On Meditation

I’ve been doing a lot of meditation lately.

It feels like a natural extension of yoga; this designated focus time on the breath.

Meditation has long eluded me. I saw article after article professing the health benefits, but it was one of those things that was simply out of my reach.

See, I have a noisy brain.

And before I started meditation, I thought this was special. The people who meditated did not have a noisy mind, did not have my superhighway of thoughts running through their head at all hours of the day.

What is the fallacy that lets us believe our shortcomings are unique to us?

I once saw a YouTube meditation commercial with a Buddhist monk who called it “monkey mind” and I thought yes, exactly. My animalistic mind. My easily distractible mind, always running off in pursuit of the last idea in my head, the next shiny object.

I first started meditation practice in the spring of 2020 when my fiancé downloaded the Waking Up with Sam Harris app. We spent early mornings after yoga on the couch attempting to focus our minds on the breath with varying degrees of success. (If we meditated before yoga, we were liable to fall back asleep. But hey, that’s meditative to a degree.)

Next, we downloaded the Wim Hof app and began his breath practices. His technique is wholly unique and leaves you overwhelmed with sensation the first few times you try it. (But that’s a whole separate musing) I loved how it left me feeling, but 3 rounds of breath took over 10 minutes, and so I was loath to commit that time.

Then Headspace dropped on Netflix and Michael downloaded the app. If we were feeling restless before bed, Headspace was turned on. The result was deeper sleep, waking feeling more restful and a lingering sense of calm.

Of course, I also turned to Adriene. Angel of a human that she is, her free yoga channel is also home to a handful of free meditation videos as well. Ranging in length from 7 to 20 minutes, there’s always one that meets me where I’m at and leaves me feeling refreshed and focused.

But how to calm the monkey mind?

In the YouTube commercial, the monk explained that breath was a tool we give the mind during meditations to give it something to do, something to focus on.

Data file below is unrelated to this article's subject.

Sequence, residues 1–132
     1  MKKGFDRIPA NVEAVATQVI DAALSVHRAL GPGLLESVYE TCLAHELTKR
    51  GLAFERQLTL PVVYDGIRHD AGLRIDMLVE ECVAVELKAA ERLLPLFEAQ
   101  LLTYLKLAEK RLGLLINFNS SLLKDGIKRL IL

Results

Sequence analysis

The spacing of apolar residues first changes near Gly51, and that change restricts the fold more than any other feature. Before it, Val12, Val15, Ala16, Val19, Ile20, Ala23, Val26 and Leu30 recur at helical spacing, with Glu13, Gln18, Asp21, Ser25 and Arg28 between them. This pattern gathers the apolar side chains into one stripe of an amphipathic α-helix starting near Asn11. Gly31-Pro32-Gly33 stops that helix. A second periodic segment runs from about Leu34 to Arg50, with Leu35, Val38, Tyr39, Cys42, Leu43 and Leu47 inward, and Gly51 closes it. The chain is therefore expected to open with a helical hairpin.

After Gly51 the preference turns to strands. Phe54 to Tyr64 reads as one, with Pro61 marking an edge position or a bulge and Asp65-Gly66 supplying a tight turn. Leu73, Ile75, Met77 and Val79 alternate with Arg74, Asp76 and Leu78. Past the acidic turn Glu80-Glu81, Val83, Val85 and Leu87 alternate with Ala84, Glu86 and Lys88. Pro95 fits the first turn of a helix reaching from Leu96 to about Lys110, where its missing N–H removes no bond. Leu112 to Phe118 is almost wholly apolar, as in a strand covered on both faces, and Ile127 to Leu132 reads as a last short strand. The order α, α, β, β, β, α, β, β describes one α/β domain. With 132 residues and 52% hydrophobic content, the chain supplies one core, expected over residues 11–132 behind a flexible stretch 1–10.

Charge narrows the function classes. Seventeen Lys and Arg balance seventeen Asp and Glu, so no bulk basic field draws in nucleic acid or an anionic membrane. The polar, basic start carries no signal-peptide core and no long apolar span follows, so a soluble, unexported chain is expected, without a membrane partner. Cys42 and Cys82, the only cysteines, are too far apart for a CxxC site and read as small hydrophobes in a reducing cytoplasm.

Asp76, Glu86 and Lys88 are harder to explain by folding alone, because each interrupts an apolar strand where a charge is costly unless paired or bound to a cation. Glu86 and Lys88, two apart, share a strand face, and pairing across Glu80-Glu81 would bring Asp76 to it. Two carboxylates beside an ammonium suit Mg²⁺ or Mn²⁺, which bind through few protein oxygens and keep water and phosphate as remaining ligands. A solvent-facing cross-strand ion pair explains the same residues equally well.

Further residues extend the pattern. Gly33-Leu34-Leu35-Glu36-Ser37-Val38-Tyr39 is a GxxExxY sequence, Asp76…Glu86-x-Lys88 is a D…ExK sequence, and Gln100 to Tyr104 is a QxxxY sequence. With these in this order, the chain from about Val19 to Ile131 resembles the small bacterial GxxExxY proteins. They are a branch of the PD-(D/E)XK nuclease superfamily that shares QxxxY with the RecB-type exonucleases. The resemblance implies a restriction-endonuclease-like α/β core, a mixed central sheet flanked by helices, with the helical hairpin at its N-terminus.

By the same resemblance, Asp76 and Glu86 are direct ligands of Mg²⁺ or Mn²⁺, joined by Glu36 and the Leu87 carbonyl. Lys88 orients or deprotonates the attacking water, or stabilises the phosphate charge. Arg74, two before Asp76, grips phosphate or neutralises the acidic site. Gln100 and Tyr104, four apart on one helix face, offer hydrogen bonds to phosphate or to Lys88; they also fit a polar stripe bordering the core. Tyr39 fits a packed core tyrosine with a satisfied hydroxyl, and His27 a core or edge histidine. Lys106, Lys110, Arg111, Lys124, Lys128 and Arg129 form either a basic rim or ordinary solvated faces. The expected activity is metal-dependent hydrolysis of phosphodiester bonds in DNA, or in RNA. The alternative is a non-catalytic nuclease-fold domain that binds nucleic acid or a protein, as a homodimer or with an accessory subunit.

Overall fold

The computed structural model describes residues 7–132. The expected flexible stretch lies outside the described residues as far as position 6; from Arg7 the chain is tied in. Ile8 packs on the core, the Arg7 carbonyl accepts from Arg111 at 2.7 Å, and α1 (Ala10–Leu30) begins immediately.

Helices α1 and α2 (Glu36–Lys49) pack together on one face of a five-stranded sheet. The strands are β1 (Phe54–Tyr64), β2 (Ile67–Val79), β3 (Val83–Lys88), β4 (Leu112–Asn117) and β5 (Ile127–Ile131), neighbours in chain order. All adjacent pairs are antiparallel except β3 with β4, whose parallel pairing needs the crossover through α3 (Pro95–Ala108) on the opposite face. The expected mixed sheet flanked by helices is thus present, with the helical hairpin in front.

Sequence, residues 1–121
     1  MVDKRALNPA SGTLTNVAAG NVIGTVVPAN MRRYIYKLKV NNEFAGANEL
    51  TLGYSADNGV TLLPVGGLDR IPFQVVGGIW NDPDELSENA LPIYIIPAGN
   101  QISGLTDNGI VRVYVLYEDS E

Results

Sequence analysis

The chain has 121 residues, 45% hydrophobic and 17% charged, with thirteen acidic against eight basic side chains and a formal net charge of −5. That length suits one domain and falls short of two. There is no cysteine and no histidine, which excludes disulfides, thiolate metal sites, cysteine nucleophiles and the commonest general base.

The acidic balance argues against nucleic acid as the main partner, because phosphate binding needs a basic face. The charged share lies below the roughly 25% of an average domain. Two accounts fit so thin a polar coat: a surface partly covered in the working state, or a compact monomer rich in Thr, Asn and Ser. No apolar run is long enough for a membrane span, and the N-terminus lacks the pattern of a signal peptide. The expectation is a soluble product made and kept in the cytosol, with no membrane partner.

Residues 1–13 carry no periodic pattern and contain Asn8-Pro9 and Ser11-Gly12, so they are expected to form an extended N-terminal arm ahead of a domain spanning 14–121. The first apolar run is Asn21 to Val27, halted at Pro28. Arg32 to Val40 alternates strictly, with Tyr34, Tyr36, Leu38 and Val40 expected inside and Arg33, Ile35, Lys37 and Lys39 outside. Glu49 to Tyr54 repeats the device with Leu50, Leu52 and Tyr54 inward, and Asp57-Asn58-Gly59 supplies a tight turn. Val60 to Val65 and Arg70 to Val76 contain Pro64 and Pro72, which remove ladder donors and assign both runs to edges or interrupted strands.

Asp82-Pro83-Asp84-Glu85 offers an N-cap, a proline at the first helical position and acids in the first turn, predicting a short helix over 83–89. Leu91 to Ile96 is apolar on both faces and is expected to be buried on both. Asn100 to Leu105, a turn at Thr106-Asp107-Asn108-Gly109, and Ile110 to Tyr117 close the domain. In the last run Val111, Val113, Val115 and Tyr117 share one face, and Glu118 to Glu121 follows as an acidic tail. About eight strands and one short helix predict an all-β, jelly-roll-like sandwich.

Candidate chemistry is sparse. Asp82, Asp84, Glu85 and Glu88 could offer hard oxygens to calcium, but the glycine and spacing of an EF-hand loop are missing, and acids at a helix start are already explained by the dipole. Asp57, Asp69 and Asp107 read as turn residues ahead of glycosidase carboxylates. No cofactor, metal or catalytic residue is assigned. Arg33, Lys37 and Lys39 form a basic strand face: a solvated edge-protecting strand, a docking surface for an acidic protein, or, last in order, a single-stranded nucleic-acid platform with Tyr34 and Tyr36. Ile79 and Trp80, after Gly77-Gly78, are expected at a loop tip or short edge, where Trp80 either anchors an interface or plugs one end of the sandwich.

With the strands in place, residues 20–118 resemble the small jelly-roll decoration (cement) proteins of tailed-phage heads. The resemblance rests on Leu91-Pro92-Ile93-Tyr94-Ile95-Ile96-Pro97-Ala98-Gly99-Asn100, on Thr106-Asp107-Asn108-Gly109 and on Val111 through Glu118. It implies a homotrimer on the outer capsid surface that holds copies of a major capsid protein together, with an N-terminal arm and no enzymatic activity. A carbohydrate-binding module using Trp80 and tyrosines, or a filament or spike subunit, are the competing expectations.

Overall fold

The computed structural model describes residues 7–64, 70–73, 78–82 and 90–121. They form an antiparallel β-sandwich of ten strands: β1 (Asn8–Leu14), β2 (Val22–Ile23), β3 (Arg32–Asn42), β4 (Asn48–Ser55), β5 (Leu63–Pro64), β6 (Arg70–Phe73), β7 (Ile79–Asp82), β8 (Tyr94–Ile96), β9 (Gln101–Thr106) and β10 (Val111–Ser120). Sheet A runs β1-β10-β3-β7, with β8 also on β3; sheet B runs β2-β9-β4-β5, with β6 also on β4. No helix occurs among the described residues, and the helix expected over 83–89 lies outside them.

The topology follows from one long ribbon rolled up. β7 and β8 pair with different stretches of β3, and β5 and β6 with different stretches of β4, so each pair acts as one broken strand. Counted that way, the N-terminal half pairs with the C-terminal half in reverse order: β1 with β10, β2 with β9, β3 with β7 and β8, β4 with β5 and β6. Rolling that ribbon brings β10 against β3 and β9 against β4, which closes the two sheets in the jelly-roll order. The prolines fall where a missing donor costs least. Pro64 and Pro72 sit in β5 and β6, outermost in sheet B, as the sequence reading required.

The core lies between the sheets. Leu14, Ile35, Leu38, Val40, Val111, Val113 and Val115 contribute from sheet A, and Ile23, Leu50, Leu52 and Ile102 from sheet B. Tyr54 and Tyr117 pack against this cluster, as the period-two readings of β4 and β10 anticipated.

The problem (to me) was that breath was not very interesting. However, throughout the course of the last year and several teachers, I’ve picked up a few techniques to give myself something more to do than observe my breath.


Marking the breath is a technique I picked up from Sam Harris. To mark the breath, you simply notice it and give acknowledgement in your mind. This is done with numbers or words:

  • Saying “in” in your mind for the length of the inhale and “out” for the length of the exhale
  • Counting 1 on the inhale, 1 on the exhale, 2 on the inhale and 2 on the exhale, and so on.
    • Recommend that you don’t go past a predetermined number, like 10 or 12. Otherwise, your monkey mind can take over as you continue to count up. (it’s a goal of mine to mark up to 25 breaths with no interruption but damn it’s hard.)

Structured Marking

If marking feels too ambiguous to you, there’s a smaller framework to work within. Calling it structured marking is my own, but this idea comes from Andy at Headspace.

  • Count odd numbers on the inhale and even numbers on the exhale, up to 10 or about 5 breaths. Begin again at 1 on the inhale.


Picturing technique is used by many teachers of meditation, but these two specific examples come to me via Andy of Headspace and Adriene of Yoga.

  • Blue sky
    • Andy encourages the listener to think of your mind as a blue sky. Clouds come and drift across and pass by. You never need seek out the blue sky, it is always there.
  • Desk
    • In one video, Adriene encourages listeners to think of the mind as the desk. Come to the desk, see what is here. Begin to remove items (acknowledge) until the desk is empty. Come back to the empty desk as items pop up.

Using the Eyes

The eyes are often closed during meditation but as Sam Harris reminds us, that doesn’t mean there isn’t a world of sensory experiences to be had behind closed eyes. Sam suggests looking at, or focusing on the darkness at the inside of the eyelid. Shapes and ambiguous figures may begin to appear, similar to when you rub your eyes and a kaleidoscope appears in your vision.

Now I consider this technique advanced and can only sustain focus on the inside of my eyes for a few seconds at a time. But it does open the door to a new interpretation of vision while we meditate.

But I digress.

Meditation is helpful not just for my mood, focus and immune system, it also allows me to be more in tune with my body as it relates to my emotions. Science has proven that we store emotions within our bodies, and this can affect our health. Meditation helps me bring my focus inwards, and dredge up things I may not realize I’m carrying the weight of.

And, it really does get easier the more you do it.

Published by Jessica Reilly, Writer

Writer, cannabis aficionado, and poetry lover

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